Cook County Hospitals Receive $100K Grant To Expand Breast Cancer Screening And Treatment

Lisa Fielding
July 12, 2018 - 2:09 pm

WBBM Newsradio/Lisa Fielding


CHICAGO (WBBM NEWSRADIO) -- Cook County Hospitals see 10,000 cancer patients a year, but many come for care in late stages of the disease.

"There's lots of reasons for this, but the biggest reason are issues of access. If you have health insurance, but you can't get to a doctor or you don't know where to go, or you have no transportation or if there's nobody to watch your kids or you're working two jobs, none of which gives you sick days, you really don't have access even if you have insurance," said Dr. Elizabeth Marcus.

"Turns out if you lower those barriers, people come in for care and they get better outcomes."

Thanks to the Chicago Bears and the American Cancer Society, a $100,000 grant will allow Cook County Hospitals to expand access to mammography and access to breast cancer care.

"This $100,000 grant payable over two years, will go to Cook County Hospital & Health System to support access to breast cancer screening, follow up on abnormal mammograms and timely access to speciality care to underserved women," said Marge Hamm, Director, Bears Cares.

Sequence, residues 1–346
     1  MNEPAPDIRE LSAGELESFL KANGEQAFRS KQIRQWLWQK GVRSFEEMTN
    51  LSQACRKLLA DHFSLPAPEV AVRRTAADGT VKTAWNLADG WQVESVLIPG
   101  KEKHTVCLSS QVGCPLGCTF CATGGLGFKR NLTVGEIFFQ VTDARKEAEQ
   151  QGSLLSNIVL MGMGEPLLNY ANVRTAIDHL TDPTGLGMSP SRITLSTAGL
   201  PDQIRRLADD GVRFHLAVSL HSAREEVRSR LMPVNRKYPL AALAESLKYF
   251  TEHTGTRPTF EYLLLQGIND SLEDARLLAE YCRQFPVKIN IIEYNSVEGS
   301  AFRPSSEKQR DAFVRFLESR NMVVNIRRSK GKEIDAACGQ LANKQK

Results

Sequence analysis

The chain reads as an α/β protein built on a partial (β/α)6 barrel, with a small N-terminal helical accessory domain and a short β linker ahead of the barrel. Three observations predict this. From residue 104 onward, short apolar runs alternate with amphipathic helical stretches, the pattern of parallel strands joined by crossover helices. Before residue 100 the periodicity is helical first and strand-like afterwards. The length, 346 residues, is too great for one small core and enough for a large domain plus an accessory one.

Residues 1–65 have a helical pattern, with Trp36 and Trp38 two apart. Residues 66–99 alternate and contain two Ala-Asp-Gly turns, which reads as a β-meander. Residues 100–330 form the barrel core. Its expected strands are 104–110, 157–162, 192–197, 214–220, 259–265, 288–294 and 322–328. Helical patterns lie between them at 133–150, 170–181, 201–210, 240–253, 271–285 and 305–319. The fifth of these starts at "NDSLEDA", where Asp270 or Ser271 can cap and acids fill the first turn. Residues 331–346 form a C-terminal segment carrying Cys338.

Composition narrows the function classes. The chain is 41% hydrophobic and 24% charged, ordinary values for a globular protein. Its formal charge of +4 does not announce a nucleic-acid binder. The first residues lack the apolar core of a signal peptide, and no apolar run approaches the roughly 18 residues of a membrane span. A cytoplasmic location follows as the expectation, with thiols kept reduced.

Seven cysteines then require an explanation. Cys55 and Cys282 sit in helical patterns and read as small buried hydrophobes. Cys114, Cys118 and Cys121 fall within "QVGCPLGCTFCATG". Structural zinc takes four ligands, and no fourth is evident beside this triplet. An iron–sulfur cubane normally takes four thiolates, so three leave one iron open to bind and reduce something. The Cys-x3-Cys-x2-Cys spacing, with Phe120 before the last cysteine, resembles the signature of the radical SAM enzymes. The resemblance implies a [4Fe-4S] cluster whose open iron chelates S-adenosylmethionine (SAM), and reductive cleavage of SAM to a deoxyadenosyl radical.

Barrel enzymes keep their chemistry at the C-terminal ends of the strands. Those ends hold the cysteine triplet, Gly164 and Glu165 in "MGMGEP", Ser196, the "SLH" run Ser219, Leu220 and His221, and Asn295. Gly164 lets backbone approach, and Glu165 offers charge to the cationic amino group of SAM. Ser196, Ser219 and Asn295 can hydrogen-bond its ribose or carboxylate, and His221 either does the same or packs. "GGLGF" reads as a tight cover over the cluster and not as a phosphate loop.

WBBM Newsradio/Lisa Fielding

"Women who have barriers to care, women who live in poverty and experience other challenges are more likely to die of breast cancer, often times, when they are less likely to be diagnosed with the disease," said Durado Brooks, M.D., M.P.H., American Cancer Society, Vice President Prevention & Early Detection.

Over the years, the NFL's Crucial Catch program has raised $18 million for the American Cancer Society.

"These grants have provided a lot of services. Specifically to breast cancer and women's health, more than half a million women have been served through the funds provided by these grants. More than 100,000 mammograms have been provided and there is a lasting impact," Brooks said. "Screening rates have increased by 17 percent over the past five and a half year period."

WBBM Newsradio/Lisa Fielding

"We're going to be able to reach more people in our large, primary care site here as well as expanding this out to our site at Oak Forest, hoping the people in the Far South Side which is a place that is desperately in need of help of getting early detection," Marcus said.

Two-hundred-sixty-eight-thousand women are diagnosed with breast cancer each year in the United States. Forty-one-thousand died each year.

Dr. Marcus said this grant will allow for continued progress to be made in reducing those mortality rates.

"This represents the next step that insuring that everybody, no matter who they are, what insurance they have, whether they live all have access to incredibly high quality care in a timely fashion," she said.